The Syrian refugee crisis: Challenges for Syria's neighbors and the international community
In the last five years, more than four million Syrian refugees have crossed into neighboring countries seeking safety from the unending civil war. Providing protection and public services for the refugees has taxed the capacities of host countries, with hospitality wearing thin and many refugees despairing about their futures. In recent months, the European dimension of the Syrian refugee crisis has finally drawn global public attention to the catastrophe and the need to increase burden-sharing with neighboring host countries. Does the international community have the political will and the resources to respond, and if so, how will it address the challenge? How is the crisis affecting Syria’s neighboring countries that still bear the brunt of the refugees? Why is burden-sharing so important?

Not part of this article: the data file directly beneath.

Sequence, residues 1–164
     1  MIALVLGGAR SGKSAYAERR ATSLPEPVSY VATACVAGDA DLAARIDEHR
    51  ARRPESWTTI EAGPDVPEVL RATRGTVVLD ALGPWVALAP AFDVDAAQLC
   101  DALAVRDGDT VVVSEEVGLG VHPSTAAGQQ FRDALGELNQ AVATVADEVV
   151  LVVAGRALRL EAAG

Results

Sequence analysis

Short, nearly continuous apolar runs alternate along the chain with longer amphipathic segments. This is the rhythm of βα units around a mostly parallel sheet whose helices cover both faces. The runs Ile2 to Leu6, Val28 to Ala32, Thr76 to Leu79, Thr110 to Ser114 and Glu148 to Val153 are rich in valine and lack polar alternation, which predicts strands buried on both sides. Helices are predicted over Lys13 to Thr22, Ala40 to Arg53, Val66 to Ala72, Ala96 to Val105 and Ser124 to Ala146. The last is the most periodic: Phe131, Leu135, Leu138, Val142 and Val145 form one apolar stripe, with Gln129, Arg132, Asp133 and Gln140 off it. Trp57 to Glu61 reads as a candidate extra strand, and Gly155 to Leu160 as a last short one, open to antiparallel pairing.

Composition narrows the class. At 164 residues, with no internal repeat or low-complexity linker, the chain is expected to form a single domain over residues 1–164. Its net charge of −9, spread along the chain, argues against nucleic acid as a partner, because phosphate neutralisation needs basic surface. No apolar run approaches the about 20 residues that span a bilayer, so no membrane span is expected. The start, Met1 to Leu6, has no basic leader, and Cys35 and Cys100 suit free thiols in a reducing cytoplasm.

On September 29, the Center on the United States and Europe (CUSE) at Brookings hosted a panel discussion to explore the international response to the Syrian refugee crisis. Brookings Senior Fellow Elizabeth Ferris and Brookings TÜSİAD Senior Fellow and CUSE Turkey Project Director Kemal Kirişci presented their new study, “Not Likely to Go Home”, an examination of the challenges that Jordan, Lebanon, and Turkey face in providing protection and humanitarian assistance to Syrian refugees. They also reflected on what these conclusions mean for the wider international community. Following their presentations, Simon Henshaw of the U.S. State Department, Gregory Maniatis of the Migration Policy Institute, and Alar Olljum of Brookings and the European External Action Service provided remarks. Elizabeth Ferris moderated the event and offered opening remarks.
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[Trump] didn't say one word about Ukraine and he had to be briefed on this stuff. The only person to say that the United States says the annexation of Crimea wasn't legal and disagrees with Russia was the president of Russia. The overall contrast [with Trump's criticisms of German Chancellor Angela Merkel, British Prime Minister Theresa May, and the EU earlier in the trip] coupled with Trump's inability to say Russia had done anything to contribute to the downturn of US-Russia relations, either way it's scary. Either he forgot there's a problem or he wasn't willing. He would have had no problem listing his grievances against Germany, but against Putin, he's not capable of saying anything.